UK employees are not seeing any benefit from appraising their own performance according to research published today by recruitment consultancy Badenoch and Clark.
The research claims that appraisals, if not carried out effectively, could become a tick-box exercise that wastes time for organisations and fails to contribute towards real career development for employees.
HR director at River Island, Karen Beaven, told HR magazine: "Deciding on whether appraisals are a good idea or not depends on what key stakeholders want to get out of it. It's up to HR directors to get to the root of that question before deciding on a process and ensuring that the message is communicated at all levels."
The research found that over a third of UK workers (37%) believe appraisals are a waste of time and do not contribute towards their personal career development at all.
The research also found that while a third of employees dedicate one-day's work a year to appraisals, many see it as a pointless exercise.
Beaven continued: "The best appraisal processes are clearly aligned with commercial business goals and individual targets, often supported by some form of personal development plan owned by the individual too.
"They have to be meaningful and delivered in the right context for the organisation, otherwise yes, they could be a waste of time."
Simon Linares, HR director at Telefonica Digital told HR magazine: "Appraisals are actually a very good idea but need to place the employee at the centre of the process.
"They are key to an open and transparent culture and create alignment around what is going well and what isn't - so there are no surprises basically. But appraisals are just one part of any good process and can obviously prompt conversations to happen."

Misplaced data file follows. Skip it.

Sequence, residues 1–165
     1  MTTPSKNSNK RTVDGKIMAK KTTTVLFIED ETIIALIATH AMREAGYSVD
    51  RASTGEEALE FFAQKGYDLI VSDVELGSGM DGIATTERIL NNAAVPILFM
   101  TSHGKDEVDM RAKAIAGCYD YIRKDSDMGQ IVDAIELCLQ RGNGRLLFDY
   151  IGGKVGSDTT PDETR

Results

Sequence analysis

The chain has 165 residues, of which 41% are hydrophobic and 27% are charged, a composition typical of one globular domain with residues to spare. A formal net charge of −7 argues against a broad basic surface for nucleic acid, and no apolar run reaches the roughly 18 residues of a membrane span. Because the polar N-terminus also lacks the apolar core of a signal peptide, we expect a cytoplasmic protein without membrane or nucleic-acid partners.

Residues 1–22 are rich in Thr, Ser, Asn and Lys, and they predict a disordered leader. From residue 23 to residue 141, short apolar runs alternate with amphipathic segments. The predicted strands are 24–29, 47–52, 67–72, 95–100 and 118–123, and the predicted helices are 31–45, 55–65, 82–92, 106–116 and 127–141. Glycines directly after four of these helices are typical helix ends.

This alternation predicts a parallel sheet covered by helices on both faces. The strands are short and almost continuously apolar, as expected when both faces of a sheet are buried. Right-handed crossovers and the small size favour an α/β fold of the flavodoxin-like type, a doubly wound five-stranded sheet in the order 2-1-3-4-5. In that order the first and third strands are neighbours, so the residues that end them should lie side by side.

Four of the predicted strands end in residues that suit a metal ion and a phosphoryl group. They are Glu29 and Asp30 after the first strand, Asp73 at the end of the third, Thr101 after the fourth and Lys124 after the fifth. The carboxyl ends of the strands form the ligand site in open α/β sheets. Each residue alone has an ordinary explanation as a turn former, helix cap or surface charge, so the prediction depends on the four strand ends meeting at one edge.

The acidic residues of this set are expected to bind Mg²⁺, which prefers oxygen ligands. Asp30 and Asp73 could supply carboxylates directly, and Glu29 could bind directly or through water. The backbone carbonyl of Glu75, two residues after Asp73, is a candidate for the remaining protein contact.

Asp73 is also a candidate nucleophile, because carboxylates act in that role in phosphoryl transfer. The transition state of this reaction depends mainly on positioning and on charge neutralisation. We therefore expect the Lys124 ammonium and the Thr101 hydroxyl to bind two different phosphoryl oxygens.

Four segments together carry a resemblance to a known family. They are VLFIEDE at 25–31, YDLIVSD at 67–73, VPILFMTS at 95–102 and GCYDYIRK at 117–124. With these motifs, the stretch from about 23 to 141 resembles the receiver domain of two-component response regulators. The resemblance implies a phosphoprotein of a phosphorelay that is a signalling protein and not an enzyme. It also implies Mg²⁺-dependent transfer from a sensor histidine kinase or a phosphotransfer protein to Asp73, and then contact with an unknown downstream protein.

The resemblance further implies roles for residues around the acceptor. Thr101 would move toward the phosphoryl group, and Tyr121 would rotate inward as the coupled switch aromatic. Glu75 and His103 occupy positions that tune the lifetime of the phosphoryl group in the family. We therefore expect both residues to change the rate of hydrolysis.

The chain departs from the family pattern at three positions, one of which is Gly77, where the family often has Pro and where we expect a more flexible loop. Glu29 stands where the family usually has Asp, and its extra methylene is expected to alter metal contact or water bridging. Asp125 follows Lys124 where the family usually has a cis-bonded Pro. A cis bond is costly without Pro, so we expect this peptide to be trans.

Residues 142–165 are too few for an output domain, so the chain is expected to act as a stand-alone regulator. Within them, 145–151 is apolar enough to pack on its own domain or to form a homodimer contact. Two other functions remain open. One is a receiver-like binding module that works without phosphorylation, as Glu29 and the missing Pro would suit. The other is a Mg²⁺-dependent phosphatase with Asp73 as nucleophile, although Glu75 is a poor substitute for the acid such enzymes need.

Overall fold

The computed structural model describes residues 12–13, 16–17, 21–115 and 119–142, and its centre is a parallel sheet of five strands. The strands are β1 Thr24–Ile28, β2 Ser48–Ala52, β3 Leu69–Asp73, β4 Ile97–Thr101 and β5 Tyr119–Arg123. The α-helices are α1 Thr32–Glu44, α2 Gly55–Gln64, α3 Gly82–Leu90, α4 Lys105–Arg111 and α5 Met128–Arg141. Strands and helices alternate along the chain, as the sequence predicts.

He added: "It is the conversations that actually add the most value. Ideally, these conversations are regular so that feedback is up to date - an appraisal is just one of the more formal ways to document them."
Nicola Linkleter, managing director of Badenoch & Clark said: "Many organisations adopt a 'once a year' approach towards appraisals which means the process is scheduled and collation of employee feedback is often carried out through standardised forms or systems.
"There is nothing inherently wrong with this but to gain the full benefits of appraisals for both the organisation and the individual involved it is important that personal development and assessment doesn't stop there."
Mark Hodgson practice leader of talent management at Right Management said:"A key concern is the role that appraisals can play in identifying talent. We know from our own work and recent research, that appraisals if conducted properly, provide organisations with significant insights into the selection of high potentials for development.
"If the process is flawed, it could have a knock on effect for the effectiveness of development programmes, impacting future talent pipeline and succession."
Beaven added: "There is no one size fits all approach here and there have been times when I have been tempted to ditch a formal appraisal process and move towards a more real-time performance development process instead. That's worth considering depending on the nature of the industry and the size of the population you are working with."
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